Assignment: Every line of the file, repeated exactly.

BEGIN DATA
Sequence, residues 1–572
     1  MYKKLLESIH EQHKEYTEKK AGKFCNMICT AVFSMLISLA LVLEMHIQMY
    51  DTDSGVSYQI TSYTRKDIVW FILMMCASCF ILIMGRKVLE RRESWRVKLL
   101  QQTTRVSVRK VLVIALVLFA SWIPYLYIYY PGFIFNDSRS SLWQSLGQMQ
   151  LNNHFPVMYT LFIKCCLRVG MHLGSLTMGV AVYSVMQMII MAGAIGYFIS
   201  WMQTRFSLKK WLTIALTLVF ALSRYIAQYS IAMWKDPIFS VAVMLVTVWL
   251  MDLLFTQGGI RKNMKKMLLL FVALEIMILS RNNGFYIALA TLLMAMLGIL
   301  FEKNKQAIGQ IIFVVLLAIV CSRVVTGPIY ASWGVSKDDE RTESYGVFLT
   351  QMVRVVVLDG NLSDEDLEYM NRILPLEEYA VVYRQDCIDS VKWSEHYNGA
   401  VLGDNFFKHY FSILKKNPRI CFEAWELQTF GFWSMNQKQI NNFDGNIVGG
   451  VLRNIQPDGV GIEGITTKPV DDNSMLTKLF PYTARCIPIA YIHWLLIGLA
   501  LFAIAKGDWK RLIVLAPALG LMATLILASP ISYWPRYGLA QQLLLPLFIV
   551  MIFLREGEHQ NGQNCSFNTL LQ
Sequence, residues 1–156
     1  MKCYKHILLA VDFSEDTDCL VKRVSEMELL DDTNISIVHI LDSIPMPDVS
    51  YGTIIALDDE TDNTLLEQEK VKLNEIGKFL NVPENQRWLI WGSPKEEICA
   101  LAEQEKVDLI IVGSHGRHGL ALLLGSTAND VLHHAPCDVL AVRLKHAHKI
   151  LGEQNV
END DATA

Sequence, residues 1–572
     1  MYKKLLESIH EQHKEYTEKK AGKFCNMICT AVFSMLISLA LVLEMHIQMY
    51  DTDSGVSYQI TSYTRKDIVW FILMMCASCF ILIMGRKVLE RRESWRVKLL
   101  QQTTRVSVRK VLVIALVLFA SWIPYLYIYY PGFIFNDSRS SLWQSLGQMQ
   151  LNNHFPVMYT LFIKCCLRVG MHLGSLTMGV AVYSVMQMII MAGAIGYFIS
   201  WMQTRFSLKK WLTIALTLVF ALSRYIAQYS IAMWKDPIFS VAVMLVTVWL
   251  MDLLFTQGGI RKNMKKMLLL FVALEIMILS RNNGFYIALA TLLMAMLGIL
   301  FEKNKQAIGQ IIFVVLLAIV CSRVVTGPIY ASWGVSKDDE RTESYGVFLT
   351  QMVRVVVLDG NLSDEDLEYM NRILPLEEYA VVYRQDCIDS VKWSEHYNGA
   401  VLGDNFFKHY FSILKKNPRI CFEAWELQTF GFWSMNQKQI NNFDGNIVGG
   451  VLRNIQPDGV GIEGITTKPV DDNSMLTKLF PYTARCIPIA YIHWLLIGLA
   501  LFAIAKGDWK RLIVLAPALG LMATLILASP ISYWPRYGLA QQLLLPLFIV
   551  MIFLREGEHQ NGQNCSFNTL LQ
Sequence, residues 1–156
     1  MKCYKHILLA VDFSEDTDCL VKRVSEMELL DDTNISIVHI LDSIPMPDVS
    51  YGTIIALDDE TDNTLLEQEK VKLNEIGKFL NVPENQRWLI WGSPKEEICA
   101  LAEQEKVDLI IVGSHGRHGL ALLLGSTAND VLHHAPCDVL AVRLKHAHKI
   151  LGEQNV